Sticky is best in the packaging of experiences—the way you interact with the content. Google Maps is a great example. The content they are providing is not unique—and arguably, it’s not even the best of its kind. But the way the software allows you to drag your viewing window around the map is so fun, so excellent, that the program becomes captivating. It’s not just a map. It’s an experience.
I sat here for awhile trying to think of museum experiences I’ve seen that are sticky, not gimmicky. The exhibit ones are easy—lots of installation art bits, sound floors to dance on—but the packaging isn’t coming to me. I’m still a skeptic on the use of handhelds in museums, but the basic concept of having a way to interact back with the content—static or not—is the right direction.
I’m learning from the Sheep that if you want to create a place for users—not just visitors—you have to prioritize sticky over almost everything else. When content is framed by a sticky experience, the user feels like you created something fun and wonderful for them to experiment with—which leads to more engagement with the content, brand love. And then they buy memberships. And they come back.
Wednesday, February 07, 2007
For those who haven't seen it, Flickr is a photo-sharing site. You can upload photos to it, tag them, share them, comment on them, and search for them. But there are lots of sites for these activities. So what makes Flickr so useful?
1. It has the most photos from the most people and places. This isn't a set of proprietary or stock images. It's photos taken all over the world by pros and amateurs. Where else can you find Pakistani bathroom signage or Mexican biker teens while researching a project?
2. Tagging makes photo search flexible and powerful. I used to use Google Images to look for quick visual sources. Now I always use Flickr. On Google, images are only searchable by the titles given to them. On Flickr, they are searchable both by title and by tag. Even better, people have created specialized sets (i.e. "Urban Decay") that encompass a wide variety of content. Great for references for wall finishes and graphic detail.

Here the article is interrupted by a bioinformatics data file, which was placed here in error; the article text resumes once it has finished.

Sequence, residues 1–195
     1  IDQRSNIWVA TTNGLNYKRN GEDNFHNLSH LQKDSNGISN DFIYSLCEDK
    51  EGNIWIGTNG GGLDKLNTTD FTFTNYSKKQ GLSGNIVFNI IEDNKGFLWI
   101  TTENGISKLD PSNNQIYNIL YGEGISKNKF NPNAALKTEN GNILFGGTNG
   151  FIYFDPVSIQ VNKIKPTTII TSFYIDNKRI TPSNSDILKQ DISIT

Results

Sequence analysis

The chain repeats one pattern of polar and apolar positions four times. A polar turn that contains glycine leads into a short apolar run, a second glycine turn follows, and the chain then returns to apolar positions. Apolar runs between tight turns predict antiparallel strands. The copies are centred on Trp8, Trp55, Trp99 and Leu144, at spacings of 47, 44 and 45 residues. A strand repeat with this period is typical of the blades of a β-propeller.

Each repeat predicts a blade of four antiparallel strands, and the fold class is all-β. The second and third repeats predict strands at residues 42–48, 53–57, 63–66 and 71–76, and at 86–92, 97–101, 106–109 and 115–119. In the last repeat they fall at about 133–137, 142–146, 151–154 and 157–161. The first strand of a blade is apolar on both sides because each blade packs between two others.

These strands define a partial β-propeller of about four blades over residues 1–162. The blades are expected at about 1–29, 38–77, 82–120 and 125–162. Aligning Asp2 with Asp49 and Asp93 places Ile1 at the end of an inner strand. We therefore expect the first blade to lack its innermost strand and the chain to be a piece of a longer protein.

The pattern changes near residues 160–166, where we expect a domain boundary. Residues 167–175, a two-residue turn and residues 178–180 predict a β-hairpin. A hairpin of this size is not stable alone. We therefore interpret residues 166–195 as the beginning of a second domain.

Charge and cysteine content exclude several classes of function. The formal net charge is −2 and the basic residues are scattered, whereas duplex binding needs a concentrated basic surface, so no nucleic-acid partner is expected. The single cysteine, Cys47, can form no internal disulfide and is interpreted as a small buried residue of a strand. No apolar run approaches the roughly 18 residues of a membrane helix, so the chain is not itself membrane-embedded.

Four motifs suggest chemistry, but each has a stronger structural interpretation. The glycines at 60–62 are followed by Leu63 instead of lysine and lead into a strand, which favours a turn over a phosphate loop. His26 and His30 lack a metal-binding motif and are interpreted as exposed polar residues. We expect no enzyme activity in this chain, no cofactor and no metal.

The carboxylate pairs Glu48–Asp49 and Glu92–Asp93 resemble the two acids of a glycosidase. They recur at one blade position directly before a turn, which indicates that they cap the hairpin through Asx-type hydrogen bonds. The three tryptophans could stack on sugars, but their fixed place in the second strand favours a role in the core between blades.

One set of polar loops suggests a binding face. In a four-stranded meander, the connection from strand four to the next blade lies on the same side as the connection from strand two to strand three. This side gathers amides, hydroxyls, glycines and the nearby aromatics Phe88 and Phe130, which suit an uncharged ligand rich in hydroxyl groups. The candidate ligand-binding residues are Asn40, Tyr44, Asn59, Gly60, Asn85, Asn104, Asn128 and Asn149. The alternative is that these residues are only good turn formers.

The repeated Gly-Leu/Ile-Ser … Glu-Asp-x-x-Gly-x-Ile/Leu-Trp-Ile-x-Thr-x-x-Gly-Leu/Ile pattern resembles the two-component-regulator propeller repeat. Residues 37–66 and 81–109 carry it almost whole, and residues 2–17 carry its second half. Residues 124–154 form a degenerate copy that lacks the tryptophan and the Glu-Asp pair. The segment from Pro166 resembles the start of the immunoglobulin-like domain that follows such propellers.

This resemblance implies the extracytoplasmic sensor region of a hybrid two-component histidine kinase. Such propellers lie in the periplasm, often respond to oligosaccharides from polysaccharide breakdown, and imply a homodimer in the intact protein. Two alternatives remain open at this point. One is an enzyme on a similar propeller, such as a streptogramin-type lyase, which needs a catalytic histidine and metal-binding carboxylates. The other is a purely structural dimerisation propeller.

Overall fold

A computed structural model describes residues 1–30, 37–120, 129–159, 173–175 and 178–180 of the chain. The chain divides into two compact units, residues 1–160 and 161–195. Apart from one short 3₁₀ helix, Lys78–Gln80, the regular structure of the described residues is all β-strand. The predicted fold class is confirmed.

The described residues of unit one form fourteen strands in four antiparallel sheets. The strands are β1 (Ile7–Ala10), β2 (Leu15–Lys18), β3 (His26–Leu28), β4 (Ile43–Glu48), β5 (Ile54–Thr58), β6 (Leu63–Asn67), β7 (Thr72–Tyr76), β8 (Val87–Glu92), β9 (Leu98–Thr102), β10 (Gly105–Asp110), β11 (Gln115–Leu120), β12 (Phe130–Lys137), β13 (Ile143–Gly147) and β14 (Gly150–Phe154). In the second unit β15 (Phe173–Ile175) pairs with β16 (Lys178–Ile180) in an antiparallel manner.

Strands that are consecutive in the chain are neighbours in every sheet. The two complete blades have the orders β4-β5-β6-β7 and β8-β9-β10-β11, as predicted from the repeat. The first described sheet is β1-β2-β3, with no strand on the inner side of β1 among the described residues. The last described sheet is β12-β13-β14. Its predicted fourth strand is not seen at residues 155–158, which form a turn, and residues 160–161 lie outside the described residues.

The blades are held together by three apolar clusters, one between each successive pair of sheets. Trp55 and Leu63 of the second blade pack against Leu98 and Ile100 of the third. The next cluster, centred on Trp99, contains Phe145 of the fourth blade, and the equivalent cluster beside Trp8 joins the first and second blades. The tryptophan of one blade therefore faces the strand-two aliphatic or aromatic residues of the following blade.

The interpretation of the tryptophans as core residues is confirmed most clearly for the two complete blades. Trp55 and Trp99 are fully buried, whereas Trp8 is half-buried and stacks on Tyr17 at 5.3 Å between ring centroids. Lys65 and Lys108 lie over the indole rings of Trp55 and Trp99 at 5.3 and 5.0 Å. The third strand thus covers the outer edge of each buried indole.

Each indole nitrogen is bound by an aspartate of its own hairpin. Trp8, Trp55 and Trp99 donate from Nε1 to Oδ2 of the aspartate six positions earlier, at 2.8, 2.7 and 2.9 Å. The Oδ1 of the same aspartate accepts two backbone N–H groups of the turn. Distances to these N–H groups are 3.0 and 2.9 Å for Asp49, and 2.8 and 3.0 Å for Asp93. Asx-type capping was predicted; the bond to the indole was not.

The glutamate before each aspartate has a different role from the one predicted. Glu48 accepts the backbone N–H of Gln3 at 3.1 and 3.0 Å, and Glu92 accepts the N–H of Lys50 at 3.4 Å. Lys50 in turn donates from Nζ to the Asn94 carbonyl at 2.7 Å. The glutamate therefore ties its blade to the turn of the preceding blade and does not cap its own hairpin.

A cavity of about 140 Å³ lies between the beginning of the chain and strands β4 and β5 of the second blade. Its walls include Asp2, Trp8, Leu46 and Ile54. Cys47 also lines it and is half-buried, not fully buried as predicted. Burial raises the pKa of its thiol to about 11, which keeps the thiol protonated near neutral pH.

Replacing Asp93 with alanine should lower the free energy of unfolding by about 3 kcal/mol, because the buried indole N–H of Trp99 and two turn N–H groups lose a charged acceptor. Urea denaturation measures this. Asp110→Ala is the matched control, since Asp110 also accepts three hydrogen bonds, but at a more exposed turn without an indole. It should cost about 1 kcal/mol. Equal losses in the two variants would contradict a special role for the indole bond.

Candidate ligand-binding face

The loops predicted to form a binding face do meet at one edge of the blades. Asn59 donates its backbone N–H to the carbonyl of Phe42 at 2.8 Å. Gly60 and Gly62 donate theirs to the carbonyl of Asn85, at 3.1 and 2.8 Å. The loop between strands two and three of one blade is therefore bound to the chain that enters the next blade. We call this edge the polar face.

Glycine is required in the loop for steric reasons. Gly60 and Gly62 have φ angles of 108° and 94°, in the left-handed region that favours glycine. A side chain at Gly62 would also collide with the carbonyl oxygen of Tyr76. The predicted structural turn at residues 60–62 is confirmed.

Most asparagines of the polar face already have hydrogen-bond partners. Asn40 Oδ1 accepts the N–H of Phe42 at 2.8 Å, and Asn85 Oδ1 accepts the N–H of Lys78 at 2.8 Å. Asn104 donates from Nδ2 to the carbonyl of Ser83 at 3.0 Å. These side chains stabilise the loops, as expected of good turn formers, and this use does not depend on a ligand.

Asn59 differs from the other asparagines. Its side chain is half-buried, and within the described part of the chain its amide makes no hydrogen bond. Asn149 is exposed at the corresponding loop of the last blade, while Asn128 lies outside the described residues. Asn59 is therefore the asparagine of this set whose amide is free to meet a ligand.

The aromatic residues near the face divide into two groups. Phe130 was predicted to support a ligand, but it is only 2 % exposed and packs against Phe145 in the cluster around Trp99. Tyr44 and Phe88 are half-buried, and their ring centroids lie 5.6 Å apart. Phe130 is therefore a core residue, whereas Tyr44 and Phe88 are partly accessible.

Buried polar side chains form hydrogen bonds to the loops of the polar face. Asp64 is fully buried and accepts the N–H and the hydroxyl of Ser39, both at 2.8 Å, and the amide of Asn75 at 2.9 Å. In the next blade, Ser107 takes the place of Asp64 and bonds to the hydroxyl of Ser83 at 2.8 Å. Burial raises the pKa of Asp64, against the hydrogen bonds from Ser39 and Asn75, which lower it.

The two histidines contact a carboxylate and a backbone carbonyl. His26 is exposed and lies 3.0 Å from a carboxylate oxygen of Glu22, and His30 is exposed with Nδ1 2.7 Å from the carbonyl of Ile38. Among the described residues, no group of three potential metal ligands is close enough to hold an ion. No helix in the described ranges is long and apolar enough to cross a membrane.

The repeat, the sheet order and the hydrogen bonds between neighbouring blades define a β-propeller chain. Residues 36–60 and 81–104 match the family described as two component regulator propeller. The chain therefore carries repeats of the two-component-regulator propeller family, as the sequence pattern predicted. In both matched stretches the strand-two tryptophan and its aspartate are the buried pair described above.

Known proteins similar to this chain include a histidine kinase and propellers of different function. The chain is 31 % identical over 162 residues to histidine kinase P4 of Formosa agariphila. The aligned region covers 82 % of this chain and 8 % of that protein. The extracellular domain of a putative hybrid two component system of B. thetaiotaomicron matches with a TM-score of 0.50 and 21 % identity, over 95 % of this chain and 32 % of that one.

3. Sharing is really easy. We've done FTP (too complicated for some). We've emailed photos (heavy, annoying, easy to misplace). We save to network drives (no one knows where anything is). On Flickr, we can upload our own photos, tag favorites from the entire site, and get dedicated web addresses for each flickr account member (a person or a project--your choice). And you can make it private or public, flexibly.
4. Commenting and review functionality. You can upload four new photos of options to your site, tag them "Giant Squid Layout," and get people's comments and preferences. You can set up automatic emails to go out when things change on the site. You can move things from "For Review" sets to "Done" sets. You can have blog style discussions in the comment body and all of that text is recorded for posterity.
5. It's (mostly) free. You can do a lot with your free account, or get a pro one for $25. I'm not there yet, but...
2.0 web applications have been a tough sell in my department. We tried hosting a wiki for an exhibit--too much effort. Heck, we're not even that great at using our network drive. But we've adopted Flickr easily and it actually increases our efficiency, productivity, and teamwork. Three generations of folks are using it.
Beyond the workplace uses, some museums are taking advantage of Flickr's 2.0ness to do neat projects--check out Jim Spadaccini's reflections on using Flickr for an exhibition website with the Maxwell Museum of Anthropology.
And finally, on a related note, Kathy Sierra's recent post on "user evangelists," which may have subconsciously triggered this Flickr lovefest. Then again, I did find 42,822 photos matching "I love flickr." I'm not the only one.
Saturday, February 03, 2007
At ASTC 2006, Darcie Fohrman talked about an exhibition called QUESTION at the Cantor Arts Center in Stanford in 2004. The staff brought in Darcie and artist Michael Brown to help them create "An experiment that provokes questions about art and its presentation in museums." The curators identified all kinds of questions: "Is there such a thing as bad art?" "Why should I look at something that is disturbing?" "Have I looked at this object long enough?" and "This looks like something my child could do. Why is it in an art museum?" and tried to create an exhibition in which those questions would be--if not addressed--wrestled with, batted around, and played with.